In reality, confirming how weaselly and untrustworthy politicians are, on the similar day that a non-binding declaration of a local weather emergency was introduced by MPs, the High Courtroom authorised the creation of a 3rd runway at Heathrow, an act of environmental madness that had been backed by 415 MPs to 119 again in June 2018. As the wonderful Zad Perpetually website explained in a current publish, “Local residents, Greenpeace and London’s Mayor had tried to block the building of the third runway, but the court ruled against them. The third runway could destroy 950 homes, acres of agricultural land and produce more CO2 each year than the entire country of Kenya.”
The trail to change
I’m no stranger to environmental consciousness. I was solely seven when US activists declared the first Earth Day, on April 22, 1970, however I grew up at a time of nice worry about nuclear annihilation and the perils of nuclear waste, and Greenpeace and Buddies of the Earth have been both outstanding in my youth.
Instinctively counter-cultural, I took an curiosity in the ladies’s peace camp at Greenham Widespread, and was impressed by the ecological facet of the new age traveller and free pageant scene.
In 1989, I read Invoice McKibben’s bleak, black-bound e-book The End of Nature, which awoke me to the perils of what was then referred to as “global warming”, but in addition threw me into what, with hindsight, was some type of existential melancholy.
The ‘90s focused environmental awareness even more sharply. In the countryside (and occasionally the cities), anti-roads campaigners occupied trees to prevent pointless roads from being built, with a reverence for ‘Mother Nature’ that was inspiring, while, in the cities, ‘Reclaim the Streets‘ took again the streets from automobiles and lorries, reclaiming the land as traffic-free public area.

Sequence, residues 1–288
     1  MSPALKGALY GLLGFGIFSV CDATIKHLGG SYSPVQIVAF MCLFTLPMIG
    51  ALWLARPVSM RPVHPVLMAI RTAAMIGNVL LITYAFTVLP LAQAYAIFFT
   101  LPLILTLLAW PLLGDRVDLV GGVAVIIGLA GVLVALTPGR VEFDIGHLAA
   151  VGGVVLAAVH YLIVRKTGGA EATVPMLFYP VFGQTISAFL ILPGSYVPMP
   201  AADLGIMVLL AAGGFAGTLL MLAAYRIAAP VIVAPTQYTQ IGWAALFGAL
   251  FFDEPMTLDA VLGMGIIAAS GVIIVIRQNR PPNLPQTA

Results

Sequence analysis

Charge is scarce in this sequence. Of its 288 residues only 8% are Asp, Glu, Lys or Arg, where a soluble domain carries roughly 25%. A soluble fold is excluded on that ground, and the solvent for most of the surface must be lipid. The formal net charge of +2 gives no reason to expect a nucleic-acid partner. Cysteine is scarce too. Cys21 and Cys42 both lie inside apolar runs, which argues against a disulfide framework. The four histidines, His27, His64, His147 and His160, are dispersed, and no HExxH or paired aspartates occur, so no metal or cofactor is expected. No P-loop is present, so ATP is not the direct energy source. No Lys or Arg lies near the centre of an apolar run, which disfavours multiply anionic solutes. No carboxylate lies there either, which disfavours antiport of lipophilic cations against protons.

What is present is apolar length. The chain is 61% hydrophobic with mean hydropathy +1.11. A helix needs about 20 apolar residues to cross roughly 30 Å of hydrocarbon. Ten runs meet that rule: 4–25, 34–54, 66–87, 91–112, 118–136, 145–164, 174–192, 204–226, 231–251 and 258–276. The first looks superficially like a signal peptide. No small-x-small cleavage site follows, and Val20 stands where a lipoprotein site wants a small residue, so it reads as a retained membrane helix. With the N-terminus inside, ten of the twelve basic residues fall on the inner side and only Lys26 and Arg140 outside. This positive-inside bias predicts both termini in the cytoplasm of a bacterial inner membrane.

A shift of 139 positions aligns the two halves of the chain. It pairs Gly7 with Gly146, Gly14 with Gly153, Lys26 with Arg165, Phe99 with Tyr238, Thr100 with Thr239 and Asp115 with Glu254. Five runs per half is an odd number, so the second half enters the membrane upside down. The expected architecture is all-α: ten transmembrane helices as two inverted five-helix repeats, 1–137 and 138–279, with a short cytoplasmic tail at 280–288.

These movements, in flip, fed into the anti-globalisation movement of the late ‘90s and early 2000s, and, finally — after the West had become obsessed with terrorism and war on Muslim countries — XR’s predecessor, the Occupy movement, which additionally seized public area to provoke a dialog about our future.
Nevertheless, while the anti-globalisation and Occupy movements had largely targeted on the perils of capitalism, it has taken until now for the environmental disaster to be the focus bringing all our struggles collectively.
Warfare is environmental disaster, the west’s main corporations are environmental rapists, driving life to the level of extinction round the world, and our shallow, self-obsessed materialism — for new garments every time we would like them, for whatever meals we would like every time we would like it, for our telephones and computers, for limitless journey by automotive and by aircraft — additionally spells environmental catastrophe.
To be blunt, capitalism is environmental disaster, as one other long-term campaigner, George Monbiot, spelled out two weeks ago in the Guardian, in an article entitled, ‘Dare to declare capitalism dead – before it takes us all down with it.’